‘With our backs to the wall …’ - Sir Douglas Haig’s Special Order 1918
During the First World War, the German Spring Offensives of March 1918 brought to an end three long years of attritional, trench-based warfare on the Western Front. With little prospect of success on the Somme, the German generals switched their attention to Flanders. Operation Georgette opened on 9 April 1918, aiming to drive the British and their allies back to the Channel Ports. The opening offensive successfully targeted an under-strength Portuguese division in the front line near Neuve Chapelle. Further attacks the following day resulted in the capture of Armentières and Messines.
Douglas Haig, 1st Earl Haig, by Walter Stoneman c. 1916 NPG Ax39017 © National Portrait Gallery, London
For the British, the situation was now critical. The Commander in Chief Sir Douglas Haig, who remains a controversial figure, believed that the British and their allies needed to hold their ground while the French manoeuvred to come to their support. On 11 April 1918, Haig issued a Special Order of the Day addressed to all ranks of the British Army in France and Flanders. The order concluded with the now well-known exhortation:
‘There is no other course open to us but to fight it out. Every position must be held to the last man: there must be no retirement. With our backs to the wall and believing in the justice of our cause each one of us must fight on to the end. The safety of our homes and the freedom of mankind alike depend upon the conduct of each one of us at this critical moment’.
A search of the British Newspaper Archive shows that the message was published in many UK newspapers on 13 April, usually printed verbatim and with very little in the way of commentary. The headlines attached to it usually highlight what has come to be seen as the key phrase.
Western Daily Press 13 April 1918 British Newspaper Archive
Not everyone serving in the line was enthusiastic. For example, Second Lieutenant Huntly Gordon of A Battery, 112th Brigade, Royal Field Artillery, was at the time based near Méteren. Gordon recalls that the Special Order arrived on 12 April via a runner and was received largely in silence:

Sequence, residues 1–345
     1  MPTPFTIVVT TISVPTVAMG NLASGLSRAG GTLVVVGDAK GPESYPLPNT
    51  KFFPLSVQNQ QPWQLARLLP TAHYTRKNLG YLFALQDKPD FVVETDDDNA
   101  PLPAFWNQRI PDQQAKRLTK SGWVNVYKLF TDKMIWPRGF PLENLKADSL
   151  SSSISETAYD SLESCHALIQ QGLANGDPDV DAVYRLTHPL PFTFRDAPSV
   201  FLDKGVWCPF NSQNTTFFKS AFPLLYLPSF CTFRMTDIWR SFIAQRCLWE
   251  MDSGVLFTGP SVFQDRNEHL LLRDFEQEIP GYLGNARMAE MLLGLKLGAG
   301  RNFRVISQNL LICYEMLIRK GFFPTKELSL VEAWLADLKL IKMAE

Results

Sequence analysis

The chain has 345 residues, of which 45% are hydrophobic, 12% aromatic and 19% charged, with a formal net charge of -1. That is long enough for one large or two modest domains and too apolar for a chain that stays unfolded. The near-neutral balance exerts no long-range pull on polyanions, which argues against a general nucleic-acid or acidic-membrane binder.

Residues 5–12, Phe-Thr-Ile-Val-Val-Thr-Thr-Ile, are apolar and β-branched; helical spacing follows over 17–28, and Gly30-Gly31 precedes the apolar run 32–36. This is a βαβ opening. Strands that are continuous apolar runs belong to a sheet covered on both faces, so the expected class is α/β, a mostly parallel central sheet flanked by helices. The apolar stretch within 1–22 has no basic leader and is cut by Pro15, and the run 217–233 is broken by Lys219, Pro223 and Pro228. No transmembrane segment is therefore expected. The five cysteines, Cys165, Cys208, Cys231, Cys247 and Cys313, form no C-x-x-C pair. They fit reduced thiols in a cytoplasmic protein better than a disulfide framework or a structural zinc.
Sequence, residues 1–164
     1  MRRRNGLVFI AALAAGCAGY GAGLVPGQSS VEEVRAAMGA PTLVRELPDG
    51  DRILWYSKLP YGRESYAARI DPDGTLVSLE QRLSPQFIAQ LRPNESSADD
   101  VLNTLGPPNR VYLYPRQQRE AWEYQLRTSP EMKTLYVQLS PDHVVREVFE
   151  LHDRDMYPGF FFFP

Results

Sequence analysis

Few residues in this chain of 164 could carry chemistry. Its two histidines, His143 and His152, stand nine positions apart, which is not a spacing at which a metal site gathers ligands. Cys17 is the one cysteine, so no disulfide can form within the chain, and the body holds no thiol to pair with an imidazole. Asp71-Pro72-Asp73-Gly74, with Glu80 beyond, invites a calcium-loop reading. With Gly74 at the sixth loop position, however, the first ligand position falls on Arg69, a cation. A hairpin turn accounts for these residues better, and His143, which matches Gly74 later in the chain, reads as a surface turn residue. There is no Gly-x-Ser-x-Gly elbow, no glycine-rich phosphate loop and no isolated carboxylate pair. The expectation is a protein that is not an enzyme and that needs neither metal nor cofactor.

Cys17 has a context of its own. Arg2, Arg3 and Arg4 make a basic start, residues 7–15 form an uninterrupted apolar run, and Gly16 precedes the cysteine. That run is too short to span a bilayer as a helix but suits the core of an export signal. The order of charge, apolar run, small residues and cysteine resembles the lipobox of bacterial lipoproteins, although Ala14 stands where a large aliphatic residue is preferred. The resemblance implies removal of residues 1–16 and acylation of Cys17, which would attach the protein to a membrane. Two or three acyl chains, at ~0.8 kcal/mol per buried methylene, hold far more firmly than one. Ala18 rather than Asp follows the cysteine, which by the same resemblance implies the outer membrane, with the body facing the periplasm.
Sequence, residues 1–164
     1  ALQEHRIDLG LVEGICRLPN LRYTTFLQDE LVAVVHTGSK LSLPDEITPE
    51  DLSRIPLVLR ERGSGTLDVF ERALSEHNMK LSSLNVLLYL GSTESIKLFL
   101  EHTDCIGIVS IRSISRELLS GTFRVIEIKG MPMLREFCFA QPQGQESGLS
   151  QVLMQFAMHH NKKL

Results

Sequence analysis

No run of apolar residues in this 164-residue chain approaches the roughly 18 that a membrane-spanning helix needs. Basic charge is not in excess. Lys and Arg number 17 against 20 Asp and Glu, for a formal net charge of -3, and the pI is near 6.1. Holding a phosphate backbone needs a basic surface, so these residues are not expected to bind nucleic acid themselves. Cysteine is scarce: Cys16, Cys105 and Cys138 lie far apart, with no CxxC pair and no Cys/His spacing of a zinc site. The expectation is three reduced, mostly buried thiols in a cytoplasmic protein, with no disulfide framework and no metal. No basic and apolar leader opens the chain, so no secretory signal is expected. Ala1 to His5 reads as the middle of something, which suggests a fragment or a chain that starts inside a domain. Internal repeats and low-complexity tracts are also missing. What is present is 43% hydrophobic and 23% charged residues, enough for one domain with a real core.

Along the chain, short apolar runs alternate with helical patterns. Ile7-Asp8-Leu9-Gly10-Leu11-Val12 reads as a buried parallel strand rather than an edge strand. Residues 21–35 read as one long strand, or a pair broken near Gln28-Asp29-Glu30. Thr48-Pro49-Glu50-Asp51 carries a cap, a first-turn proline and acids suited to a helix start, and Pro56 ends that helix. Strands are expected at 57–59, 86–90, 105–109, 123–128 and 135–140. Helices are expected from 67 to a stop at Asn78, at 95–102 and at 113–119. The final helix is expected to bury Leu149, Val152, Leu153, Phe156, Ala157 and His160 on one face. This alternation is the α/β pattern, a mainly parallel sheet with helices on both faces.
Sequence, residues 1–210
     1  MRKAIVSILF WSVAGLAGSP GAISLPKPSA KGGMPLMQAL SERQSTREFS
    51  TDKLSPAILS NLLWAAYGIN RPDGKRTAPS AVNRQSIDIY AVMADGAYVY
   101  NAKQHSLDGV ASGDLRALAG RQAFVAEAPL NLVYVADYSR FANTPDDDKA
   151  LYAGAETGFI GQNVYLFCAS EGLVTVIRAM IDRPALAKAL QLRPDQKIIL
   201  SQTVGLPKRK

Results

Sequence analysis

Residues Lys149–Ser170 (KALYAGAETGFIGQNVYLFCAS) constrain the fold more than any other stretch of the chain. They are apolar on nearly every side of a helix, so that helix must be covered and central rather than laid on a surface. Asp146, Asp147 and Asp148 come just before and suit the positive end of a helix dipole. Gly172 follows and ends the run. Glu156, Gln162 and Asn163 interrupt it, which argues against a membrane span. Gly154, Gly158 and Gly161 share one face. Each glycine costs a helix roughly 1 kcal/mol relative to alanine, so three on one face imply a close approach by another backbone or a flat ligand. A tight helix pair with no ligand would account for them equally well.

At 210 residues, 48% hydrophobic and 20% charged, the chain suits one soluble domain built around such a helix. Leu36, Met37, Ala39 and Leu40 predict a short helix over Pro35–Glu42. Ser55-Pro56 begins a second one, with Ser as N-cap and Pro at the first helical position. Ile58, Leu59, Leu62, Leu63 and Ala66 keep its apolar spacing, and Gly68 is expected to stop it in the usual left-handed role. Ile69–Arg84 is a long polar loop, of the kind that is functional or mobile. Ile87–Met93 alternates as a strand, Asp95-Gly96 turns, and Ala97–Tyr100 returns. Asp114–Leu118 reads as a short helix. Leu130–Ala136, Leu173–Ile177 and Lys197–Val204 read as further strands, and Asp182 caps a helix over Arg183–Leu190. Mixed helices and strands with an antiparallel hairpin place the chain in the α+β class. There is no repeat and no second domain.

‘I got the general idea; but somehow this modern version of the “little touch of Harry in the night” did not inspire me; in fact the rhetoric made me critical. There was not the remotest contact between us and the Olympian figures at GHQ; there never had been. How did he know how A/112 were placed? It was almost two days since this circular had been signed and a good many walls had been given up during that time. Against which particular walls must our backs now be placed?’
Haig later gave the manuscript of the Special Order to his private secretary, Sir Philip Sassoon (a cousin of the war poet). After Sassoon’s death in 1939, it was bequeathed to the British Museum and it now forms part of the manuscript collections of the British Library (Add MS 45416).
There is one major difference between the holograph and the version eventually circulated to the Army. The printed version omitted a final sentence, reading ‘Be of good cheer. The British Empire must win in the end’.
Digital Preservation Manager
Chris Baker, The Battle for Flanders: German defeat on the Lys, 1918 (Barnsley: Pen & Sword Military, 2011).
Huntly Gordon, The unreturning army: a field gunner in Flanders, 1917-18 (London: Doubleday, 2013).
Peter Stansky, Sassoon: the worlds of Philip and Sybil (New Haven, Conn.: Yale University Press, 2003).
David Stevenson, With our backs to the wall: victory and defeat in 1918 (Cambridge, Mass.: Belknap Press of Harvard University Press. 2011).
Laura Walker, Haig and British generalship during the war. British Library World War One website